1. A student broke his right wrist this week in gym class, and since he is right-handed, I have been making many accomodations for him (It's not as hard as it might seem. I have magnetic letters that he manipulates for practicing spelling words, he tells me what to write for answers on quizzes and homework, and we do a lot of partner work where the other student can write for him too). Poor kid, he can't play his beloved soccer at recess, so I got out a Sudoku game that none of the kids had seen and he was excited about that... at least for a day :). Costa Rican doctors don't mess around either! His cast is seriously like a cement block on his arm. LOL it's not literally cement, but a really hard plaster smoothed over the gauze. Yesterday on his way out the door, he thanked me for my help. I think he was nervous about coming to school because he already is discouraged about writing in general... and then to imagine having to write with only his left hand! It will be an interesting next 6 weeks of accomodations, but we will make it through. Another student commented that he gets all my attention now, and I told the whole class that if they felt like I was giving more attention to this boy, then they could go break their wrist too! They all laughed and joked that they wanted a cast too. (It reminded me of my favorite childhood book Madeline!) So after student comments, I have made an effort to give attention to all while also assisting Mr. Cast.

2. A swollen tongue. Not sure how this one happened, but it started out as a sore throat last Sunday and increasingly got worse with drainage and loss of my voice. Today I finally went through the long doctor lines at Ebais to receive a confirmation that yes, my tongue is swollen, no they don't know why, and here's your treatment of two shots to the tush. lol, like I have said before the injections for treatments are a common practice here. ''Oh, and by the way,'' the doctor says as I leave the room, ''the shots will make you very sleepy.'' Thanks for the heads up. I came home and slept 3 hours straight. Now it's naptime again.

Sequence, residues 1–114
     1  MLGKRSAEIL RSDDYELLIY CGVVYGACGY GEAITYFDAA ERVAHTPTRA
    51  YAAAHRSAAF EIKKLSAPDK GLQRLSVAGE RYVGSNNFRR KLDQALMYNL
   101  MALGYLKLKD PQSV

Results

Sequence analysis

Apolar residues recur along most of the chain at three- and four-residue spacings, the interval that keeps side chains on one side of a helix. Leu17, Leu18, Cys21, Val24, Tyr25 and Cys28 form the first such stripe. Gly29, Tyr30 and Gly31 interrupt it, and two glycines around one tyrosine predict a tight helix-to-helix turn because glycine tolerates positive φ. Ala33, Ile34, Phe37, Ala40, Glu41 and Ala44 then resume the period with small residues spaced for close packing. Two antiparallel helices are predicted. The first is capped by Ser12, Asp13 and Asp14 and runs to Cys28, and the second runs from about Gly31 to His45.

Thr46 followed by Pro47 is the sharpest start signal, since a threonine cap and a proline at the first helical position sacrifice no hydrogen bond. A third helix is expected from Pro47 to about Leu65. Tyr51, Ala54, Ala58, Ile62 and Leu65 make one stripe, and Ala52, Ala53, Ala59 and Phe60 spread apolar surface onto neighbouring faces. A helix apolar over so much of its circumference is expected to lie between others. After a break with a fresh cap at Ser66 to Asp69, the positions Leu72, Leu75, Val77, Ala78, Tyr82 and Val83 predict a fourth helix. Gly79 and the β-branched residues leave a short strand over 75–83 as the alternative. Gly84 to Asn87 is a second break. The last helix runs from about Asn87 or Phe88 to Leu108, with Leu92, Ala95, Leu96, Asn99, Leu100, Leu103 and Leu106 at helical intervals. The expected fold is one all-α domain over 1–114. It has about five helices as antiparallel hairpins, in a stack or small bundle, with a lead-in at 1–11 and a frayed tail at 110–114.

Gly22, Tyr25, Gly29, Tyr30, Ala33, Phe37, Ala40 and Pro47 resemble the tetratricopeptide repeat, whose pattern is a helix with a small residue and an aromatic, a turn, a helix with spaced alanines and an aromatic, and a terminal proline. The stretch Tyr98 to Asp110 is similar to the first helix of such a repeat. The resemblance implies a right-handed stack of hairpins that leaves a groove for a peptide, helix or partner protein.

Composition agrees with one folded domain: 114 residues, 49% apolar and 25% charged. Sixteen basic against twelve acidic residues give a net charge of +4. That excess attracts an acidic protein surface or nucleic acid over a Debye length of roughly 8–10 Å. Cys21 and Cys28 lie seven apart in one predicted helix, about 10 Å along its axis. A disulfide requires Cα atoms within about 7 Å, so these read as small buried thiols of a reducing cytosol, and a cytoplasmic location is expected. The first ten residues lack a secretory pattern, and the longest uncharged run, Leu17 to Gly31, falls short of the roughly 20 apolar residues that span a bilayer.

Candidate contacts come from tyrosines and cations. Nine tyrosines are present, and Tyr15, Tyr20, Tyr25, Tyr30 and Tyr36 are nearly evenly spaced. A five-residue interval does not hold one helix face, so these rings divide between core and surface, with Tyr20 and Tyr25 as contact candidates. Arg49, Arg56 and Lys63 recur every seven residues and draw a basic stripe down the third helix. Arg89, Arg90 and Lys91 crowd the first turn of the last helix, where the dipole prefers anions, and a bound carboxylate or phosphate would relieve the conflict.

Art Birthday Party :)

Many thanks to Trish and Eddie especially for pulling off a great night of pasta, art, and fun! Trish planned and Eddie added his creative ideas to top off the evening. We dressed in primary colors, ate pasta with three kinds of sauce (marinara, alfredo, pesto.. all homemade!), finger painted, played ''The Best Game Ever'' (I'll have to teach you sometime!), and ate a fantastic FunFetti cake in the shape of a painting palette.
Erin took photos of the whole evening!
Painting in action

Andrew, Peggy, Albin, Eddie, Yoji, Trish, Courtney, Erin, Medrano, me!

And the silly faces!
It was a success. Thanks so much Trish for all the thought and time put into it! Sadly, I did not get a photo of the cake on my camera... but believe me, it was beautiful! Thanks guys for helping #24 be a great birthday!


Haiti Earthquake

Photography thanks to the blog mentioned below :)

Since hearing about the earthquake in Haiti three days ago, I have been following this blog of Haiti missionaries working in a medical clinic. The stories and photos are so vivid to me after seeing the earthquake destruction here in Costa Rica only a year ago... thank goodness last year's quake didn't hit San José like it hit Port-Au-Prince.

There was also an earthquake in Venezuela this afternoon. On this map, you can see how close Venezuela, Haiti, and Costa Rica truly are. I am continually fascinated to live here and experience Central American and Caribbean history ...
Pray for Haiti. For uncontaminated water, for survivors, for food, for medical help.